09-21-2002, 08:22 AM
Note On Neil Gaiman: I tried, if only for Ben Sones, to read "American Gods" last week. Got to about page 102 before flinging it across the room in disgust (didn't throw it too hard, it *was* a library book). Oh well, I tried.
DOH! Damn, I was gonna give that book a shot. How come you no likey, Sparky? I liked Sandman back in de day, but I haven't tried reading one of his novels, for fear of being mistaken for a Gaiman-Worshipping Goth Chick. Not that there's anything wrong with that.
09-21-2002, 08:23 AM
Oops--above post was mine. Forgot to log in.
Though astute Q23 readers should have gleaned from "de day" that I was role-playing as Gambit in that post.
09-21-2002, 10:04 AM
How come you no likey, Sparky? I liked Sandman back in de day, but I haven't tried reading one of his novels, for fear of being mistaken for a Gaiman-Worshipping Goth Chick.
Well, I'm just biased against Gaiman, and not because I am often mistaken for a Goth Chick (it's probably the black clothes, fuschia hair, and rat-skull accessories). I find his writing very high-school English class: entire chapters of He did this. He did that. He saw the thing. He went over there. I think he describes broken glass as "diamonds" and blood drops as "rubies" at least twice in the first 100 pages. The "gods need humans to believe in them else they don't exist" story's been done many times before, but he doesn't add anything original to it. I think *he* believes he's being clever and subtle. Maybe it is, if you've never read another fantasy/sci fi book before.
For example, the reader's supposed to be discovering that the main character, Shadow Moon (groan -- Gaiman's AWFUL with names, they're all teenagers' Hotmail addresses) is meeting up with gods. The first one we meet is named "Wednesday". Is it not PAINFULLY clear who this is going to be? Didn't we all learn the origins of days of the week in elementary school? Oh, and then there's the guy named Mr. Czernobog. Yes, he's the god o' death, Czernobog. Oh, sorry, I forgot to preface that one with "Spoiler". And Czernobog tells us he worked in a slaughterhouse. HA! HA! Why not make Satan shoveling coal in a boiler room! That would be clever! I flung the book aside at the point Shadow has a dream of someone giving him a coin -- and HE WAKES UP WITH THE COIN IN HIS HAND. For Morrissey's sake, is that not the oldest fantasy book cliche ever? I'm too old for this.
2D characters, the same old (ahem, archetypal) themes, names like Shadow Moon -- all work fine in comic books. I prefer my comic books with pictures in them. But I think many people like Gaiman's work because it's such familiar ground, in the same way that many people like oldskool D&D-style fantasy even though the settings and characters are so similar. It's just not my thing.
09-21-2002, 10:15 AM
Thanks a lot Sparky. :roll: I was going to read American Gods and your description makes it sound dreadful. :P Ben needs to swoop in and point out where you are wrong, wrong, wrong.
OTOH, I am reading Tad Williams' Otherland and within the first 25 pages a WW I soldier wakes up from what he assumed is a dream about a castle in the sky and a birdwoman in a cage only to find...<insert ominous organ riff>......a feather on his person. AS the next chapter jumps ahead a century or so, I am going to stick with it unless you are going to tell me it only gets worse, too, thereby furthering my disenchantment with every used book purchase I have made in the last month or so. :wink:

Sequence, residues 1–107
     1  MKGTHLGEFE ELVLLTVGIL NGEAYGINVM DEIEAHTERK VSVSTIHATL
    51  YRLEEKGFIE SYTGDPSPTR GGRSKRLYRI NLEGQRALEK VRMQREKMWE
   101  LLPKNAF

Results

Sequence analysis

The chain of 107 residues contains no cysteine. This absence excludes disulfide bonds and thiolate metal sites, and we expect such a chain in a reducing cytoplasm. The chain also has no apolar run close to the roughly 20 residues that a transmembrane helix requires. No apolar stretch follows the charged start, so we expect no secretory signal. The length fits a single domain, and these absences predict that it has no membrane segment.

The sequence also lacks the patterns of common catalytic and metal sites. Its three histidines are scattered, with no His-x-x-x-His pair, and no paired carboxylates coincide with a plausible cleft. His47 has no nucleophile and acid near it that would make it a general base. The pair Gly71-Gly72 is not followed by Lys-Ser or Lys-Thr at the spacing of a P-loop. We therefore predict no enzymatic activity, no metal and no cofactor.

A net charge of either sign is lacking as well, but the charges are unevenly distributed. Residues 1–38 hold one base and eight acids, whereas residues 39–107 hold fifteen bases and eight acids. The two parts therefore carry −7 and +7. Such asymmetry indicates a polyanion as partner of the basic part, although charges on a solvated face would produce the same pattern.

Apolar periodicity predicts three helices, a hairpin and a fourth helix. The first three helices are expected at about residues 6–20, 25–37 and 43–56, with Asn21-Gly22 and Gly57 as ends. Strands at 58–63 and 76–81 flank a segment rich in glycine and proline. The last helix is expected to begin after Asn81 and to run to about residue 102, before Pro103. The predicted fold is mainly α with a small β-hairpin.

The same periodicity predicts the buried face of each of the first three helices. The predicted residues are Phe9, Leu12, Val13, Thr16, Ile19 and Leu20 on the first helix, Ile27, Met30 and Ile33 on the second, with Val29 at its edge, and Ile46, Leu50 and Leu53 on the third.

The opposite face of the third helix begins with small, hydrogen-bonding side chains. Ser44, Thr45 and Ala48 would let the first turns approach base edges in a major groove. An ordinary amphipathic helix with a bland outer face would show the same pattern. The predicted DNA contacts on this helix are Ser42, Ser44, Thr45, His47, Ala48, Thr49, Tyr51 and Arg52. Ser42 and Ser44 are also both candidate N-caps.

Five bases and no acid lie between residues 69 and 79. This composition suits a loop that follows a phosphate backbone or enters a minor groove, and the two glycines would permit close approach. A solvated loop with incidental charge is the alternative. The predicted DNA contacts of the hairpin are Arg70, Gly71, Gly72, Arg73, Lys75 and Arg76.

09-21-2002, 10:23 AM
Thanks a lot Sparky. :roll: I was going to read American Gods and your description makes it sound dreadful.
Well, don't let me stop you. Just borrow it or get it from the library so you don't give that hack Gaiman any more money. :twisted: But seriously, I'd like to hear Ben's perspective on the book -- not that I'd read it again, but maybe there were some saving graces after the coin/dream part?
09-21-2002, 11:09 AM
I agree with Sparky, but I'm still talking about Neverwhere. I haven't read American Gods yet. I did buy Coraline though, because it's a children's book. Since I agree with Sparky that Gaiman isn't a very... um... mature storyteller (he's stuck on things that work well in comics but don't work well in prose), I think a children's book is something he'd handle well. I don't mean that as an insult, unless you figure being lumped in with Lewis Carroll, EB White, and Roald Dahl is insulting.
I haven't read Coraline yet though, Chabon came out with a children's book too.
09-24-2002, 07:37 AM
Just thought I'd point out that "Harold Potter" was a character in a Monthy Python sketch back in the 70's. ;)
09-24-2002, 11:34 AM
The first one we meet is named "Wednesday". Is it not PAINFULLY clear who this is going to be? Didn't we all learn the origins of days of the week in elementary school?
I'm not sure anymore. Most of the people here, sure. Do they mention these things in school anymore? My HS daughter hasn't a clue about Pecos Bill and "kinda sorta" heard of John Henry.
I'd take the blame, but I'm a step-parent, so you can't pin lack of early American mythos on me. Well, ok you can.. I haven't made her read any of it yet (or watch the Disney videos.)
09-26-2002, 01:56 PM
Neverwhere and Stardust were both good.. at least I remember them that way.
I'll second (or whatever we're up to) the negative opinion of American Gods. It just wasn't interesting. Read Guy Gaveriel Kay or something instead.
Coraline - .. didn't live up to the hype for me. I didn't find it chilling or frightening. Children would probably enjoy it. There much less jaded than the rest of us. :)